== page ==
In contrast, the egalitarian holds dear the principle that men and women are equal within the sight of God, and they should both flourish in the full exercise of their gifts and talents, to serve Christ and His Kingdom, for the building up of the body, and reaching a lost world. To fail to honor the giftings and calling of women, for ministry, or to put any artificial, arbitrary limits on women, as to how they can serve, would go against an egalitarian’s conscience.

In the spirit of Acts 15, here are the different points of this modest proposal:

  • Elders are pastors, and pastors are elders. Limit the responsibilities of the elders to function primarily in the role of pastoring, those areas that directly seek to protect the spiritual health of the community, as in the definition of church doctrine, implementing church discipline, and being willing to die first, for the sake of the larger body, when placed under the threat of persecution.
  • Encourage both men and women to serve as deacons.
  • Expand the office of deaconship, and other church staff and volunteer activities, to offload as many tasks as possible from the elders, that do not specifically pertain to the function of pastoring, identified above.
  • Allow for the possibility that women may serve as elders.
  • Yet in practice, restrict the actual selection of elders to be only men.
  • Encourage a congregation wide vision of men training men, and women training women, for the sake of Gospel-centered discipleship.

Here is why the above proposal might work, point-by-point:

  • The primary function of an elder is to pastor and shepherd the flock. To clutter up the task list of the elders with those activities that distract the elders from fulfilling their primary tasks is to be avoided as much as possible. Work towards divesting the elders of non-pastoral functions, and give them to non-elders. The primary task list of a shepherd can be reduced to the three “D’s”:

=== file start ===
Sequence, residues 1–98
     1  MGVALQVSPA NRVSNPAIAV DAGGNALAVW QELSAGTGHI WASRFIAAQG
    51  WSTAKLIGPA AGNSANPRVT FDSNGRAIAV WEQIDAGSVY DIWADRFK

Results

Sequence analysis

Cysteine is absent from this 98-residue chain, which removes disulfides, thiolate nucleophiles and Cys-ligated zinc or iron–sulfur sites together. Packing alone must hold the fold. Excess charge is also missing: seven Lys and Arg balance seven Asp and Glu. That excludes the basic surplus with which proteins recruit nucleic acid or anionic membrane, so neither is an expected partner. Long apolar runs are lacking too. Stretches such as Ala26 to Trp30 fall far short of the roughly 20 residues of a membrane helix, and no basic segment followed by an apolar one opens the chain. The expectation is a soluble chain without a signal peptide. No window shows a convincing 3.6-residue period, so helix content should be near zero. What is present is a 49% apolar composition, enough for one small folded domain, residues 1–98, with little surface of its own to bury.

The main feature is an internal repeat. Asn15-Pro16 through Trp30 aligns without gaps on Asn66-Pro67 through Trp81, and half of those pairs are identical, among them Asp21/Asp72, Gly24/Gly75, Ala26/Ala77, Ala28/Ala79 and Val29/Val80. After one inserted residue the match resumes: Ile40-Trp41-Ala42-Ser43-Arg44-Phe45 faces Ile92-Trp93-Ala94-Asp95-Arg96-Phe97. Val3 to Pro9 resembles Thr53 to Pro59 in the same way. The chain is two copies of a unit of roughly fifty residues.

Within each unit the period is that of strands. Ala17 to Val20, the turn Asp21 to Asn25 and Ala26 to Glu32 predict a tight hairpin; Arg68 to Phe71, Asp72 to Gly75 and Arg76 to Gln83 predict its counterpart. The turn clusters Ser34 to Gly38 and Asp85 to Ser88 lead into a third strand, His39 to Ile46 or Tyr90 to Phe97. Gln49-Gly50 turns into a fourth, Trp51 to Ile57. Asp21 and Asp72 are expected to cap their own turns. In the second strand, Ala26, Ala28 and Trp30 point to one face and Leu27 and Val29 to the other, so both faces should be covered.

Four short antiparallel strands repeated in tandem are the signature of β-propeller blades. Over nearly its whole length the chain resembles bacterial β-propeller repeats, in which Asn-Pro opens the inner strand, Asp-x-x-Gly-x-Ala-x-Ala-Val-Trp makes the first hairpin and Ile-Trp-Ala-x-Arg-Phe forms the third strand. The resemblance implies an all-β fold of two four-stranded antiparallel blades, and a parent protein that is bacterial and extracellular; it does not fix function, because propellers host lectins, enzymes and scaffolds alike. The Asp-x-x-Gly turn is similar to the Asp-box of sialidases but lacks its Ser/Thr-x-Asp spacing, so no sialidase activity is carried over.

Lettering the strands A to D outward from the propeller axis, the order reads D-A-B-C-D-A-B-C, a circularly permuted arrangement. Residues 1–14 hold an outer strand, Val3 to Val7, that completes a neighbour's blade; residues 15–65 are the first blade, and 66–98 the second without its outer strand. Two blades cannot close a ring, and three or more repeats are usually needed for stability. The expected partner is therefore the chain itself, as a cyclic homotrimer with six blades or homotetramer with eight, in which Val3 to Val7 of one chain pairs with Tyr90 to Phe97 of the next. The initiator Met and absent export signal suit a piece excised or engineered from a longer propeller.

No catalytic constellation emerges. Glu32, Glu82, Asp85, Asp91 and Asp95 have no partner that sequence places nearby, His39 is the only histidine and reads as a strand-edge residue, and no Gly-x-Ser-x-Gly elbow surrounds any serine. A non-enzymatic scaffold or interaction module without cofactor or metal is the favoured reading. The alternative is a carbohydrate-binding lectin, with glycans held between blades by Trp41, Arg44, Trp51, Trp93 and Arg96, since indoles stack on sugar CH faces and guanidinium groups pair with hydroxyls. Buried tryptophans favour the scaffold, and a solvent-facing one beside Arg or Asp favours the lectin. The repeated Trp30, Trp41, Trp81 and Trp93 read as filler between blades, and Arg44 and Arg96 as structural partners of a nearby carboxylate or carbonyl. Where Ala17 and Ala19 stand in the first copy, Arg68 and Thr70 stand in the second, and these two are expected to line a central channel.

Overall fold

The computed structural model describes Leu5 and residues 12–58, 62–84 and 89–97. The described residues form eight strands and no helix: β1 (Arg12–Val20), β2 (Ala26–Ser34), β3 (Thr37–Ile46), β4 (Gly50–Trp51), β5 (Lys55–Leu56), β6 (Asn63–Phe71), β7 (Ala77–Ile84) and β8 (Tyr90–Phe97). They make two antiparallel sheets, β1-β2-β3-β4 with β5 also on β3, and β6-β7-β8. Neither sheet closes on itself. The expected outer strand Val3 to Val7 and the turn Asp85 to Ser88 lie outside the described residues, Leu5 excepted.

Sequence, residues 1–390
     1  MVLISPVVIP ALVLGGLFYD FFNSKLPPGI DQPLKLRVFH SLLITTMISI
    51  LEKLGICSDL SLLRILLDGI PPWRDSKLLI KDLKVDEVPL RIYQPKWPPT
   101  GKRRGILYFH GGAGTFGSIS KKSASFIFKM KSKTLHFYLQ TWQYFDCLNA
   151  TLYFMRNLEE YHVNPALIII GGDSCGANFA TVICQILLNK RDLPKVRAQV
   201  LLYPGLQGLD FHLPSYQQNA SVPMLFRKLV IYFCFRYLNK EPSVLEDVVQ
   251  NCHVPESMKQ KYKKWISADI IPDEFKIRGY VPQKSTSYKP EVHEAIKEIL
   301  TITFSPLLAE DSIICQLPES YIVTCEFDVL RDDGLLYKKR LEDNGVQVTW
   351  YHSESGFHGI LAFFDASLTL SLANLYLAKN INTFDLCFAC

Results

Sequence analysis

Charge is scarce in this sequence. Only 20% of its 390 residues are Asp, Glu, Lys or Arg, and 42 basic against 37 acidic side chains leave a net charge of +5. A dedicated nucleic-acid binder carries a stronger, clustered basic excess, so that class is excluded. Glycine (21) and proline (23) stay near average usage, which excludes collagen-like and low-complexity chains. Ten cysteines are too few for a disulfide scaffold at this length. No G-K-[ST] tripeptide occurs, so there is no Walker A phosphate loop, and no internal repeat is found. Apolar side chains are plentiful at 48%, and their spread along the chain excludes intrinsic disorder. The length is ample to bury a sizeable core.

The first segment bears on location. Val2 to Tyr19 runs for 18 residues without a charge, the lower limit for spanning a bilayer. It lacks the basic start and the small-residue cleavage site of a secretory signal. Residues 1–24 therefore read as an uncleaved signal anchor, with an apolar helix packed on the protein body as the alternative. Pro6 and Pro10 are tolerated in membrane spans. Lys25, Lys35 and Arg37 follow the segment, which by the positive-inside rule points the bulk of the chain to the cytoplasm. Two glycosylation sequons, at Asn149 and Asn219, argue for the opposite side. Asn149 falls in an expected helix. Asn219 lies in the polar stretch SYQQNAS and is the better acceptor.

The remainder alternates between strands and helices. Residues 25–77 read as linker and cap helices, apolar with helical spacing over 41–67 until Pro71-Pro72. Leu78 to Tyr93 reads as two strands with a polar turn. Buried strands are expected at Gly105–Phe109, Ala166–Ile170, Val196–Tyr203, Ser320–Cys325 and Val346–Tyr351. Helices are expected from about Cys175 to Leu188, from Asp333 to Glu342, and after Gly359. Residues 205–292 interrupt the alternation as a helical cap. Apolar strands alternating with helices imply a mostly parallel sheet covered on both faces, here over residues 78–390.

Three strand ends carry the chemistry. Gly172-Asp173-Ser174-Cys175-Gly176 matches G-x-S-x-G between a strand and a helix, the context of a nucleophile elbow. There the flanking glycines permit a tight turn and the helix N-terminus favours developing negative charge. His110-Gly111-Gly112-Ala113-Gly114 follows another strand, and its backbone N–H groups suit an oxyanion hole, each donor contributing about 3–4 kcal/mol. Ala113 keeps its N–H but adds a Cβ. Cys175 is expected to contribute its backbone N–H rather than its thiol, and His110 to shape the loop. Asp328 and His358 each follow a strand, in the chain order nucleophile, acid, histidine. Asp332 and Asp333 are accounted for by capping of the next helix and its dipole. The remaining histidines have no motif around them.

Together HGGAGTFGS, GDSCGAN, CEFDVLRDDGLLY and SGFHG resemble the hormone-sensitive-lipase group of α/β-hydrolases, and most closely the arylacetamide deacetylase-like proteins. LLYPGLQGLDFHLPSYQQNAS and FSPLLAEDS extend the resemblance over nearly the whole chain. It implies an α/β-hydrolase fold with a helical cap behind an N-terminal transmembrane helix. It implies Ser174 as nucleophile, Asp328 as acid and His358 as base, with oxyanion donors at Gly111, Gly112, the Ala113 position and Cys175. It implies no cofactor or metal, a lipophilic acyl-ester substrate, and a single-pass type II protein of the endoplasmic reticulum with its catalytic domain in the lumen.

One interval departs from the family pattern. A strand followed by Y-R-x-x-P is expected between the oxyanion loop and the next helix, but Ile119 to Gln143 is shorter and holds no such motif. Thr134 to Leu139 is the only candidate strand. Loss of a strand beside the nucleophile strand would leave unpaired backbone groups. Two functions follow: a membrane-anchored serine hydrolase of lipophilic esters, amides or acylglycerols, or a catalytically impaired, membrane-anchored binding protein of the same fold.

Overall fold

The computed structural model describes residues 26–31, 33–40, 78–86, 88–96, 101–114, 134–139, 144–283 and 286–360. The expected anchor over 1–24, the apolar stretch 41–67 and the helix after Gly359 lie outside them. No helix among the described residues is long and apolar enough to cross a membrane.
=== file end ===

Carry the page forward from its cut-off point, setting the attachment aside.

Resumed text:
• Doctrine: To define and preach the biblical theology of the church, such that the congregation is being protected from false teaching and heretical error, that might compromise the tender faith of the flock.
    • Discipline: To take the appropriate action, when serious sin is committed in the church, that could severely impair the spiritual health of the community, with the aim of encouraging repentance, forgiveness, and reconciliation, if possible.
    • Death: If persecution become inevitable for the local church community, the elders would be the first ones to “go to the stake,” and give their lives, on behalf of the church community.
  • The office of deacon should be open to men and women, recognizing that both have much to give to the service of the local church.
  • Encourage deacons, staff members, and other volunteers to assume those tasks that can be delegated away from the elders as much as possible, under the spiritual oversight of the elders. For this modest proposal to work, elders and non-elders must work together, making it clear that any exercise of ministry, conducted by non-elders, must have the full blessing of the elders, that non-elders would be in full submission to the elders, recognizing that these elders bear the spiritual responsibility and authority over all ministry efforts, of that local church body. This would include making it possible for all non-elders, men and women, to fully exercise their gifts and talents, to include the widest range of activities; such as (and this is an incomplete list):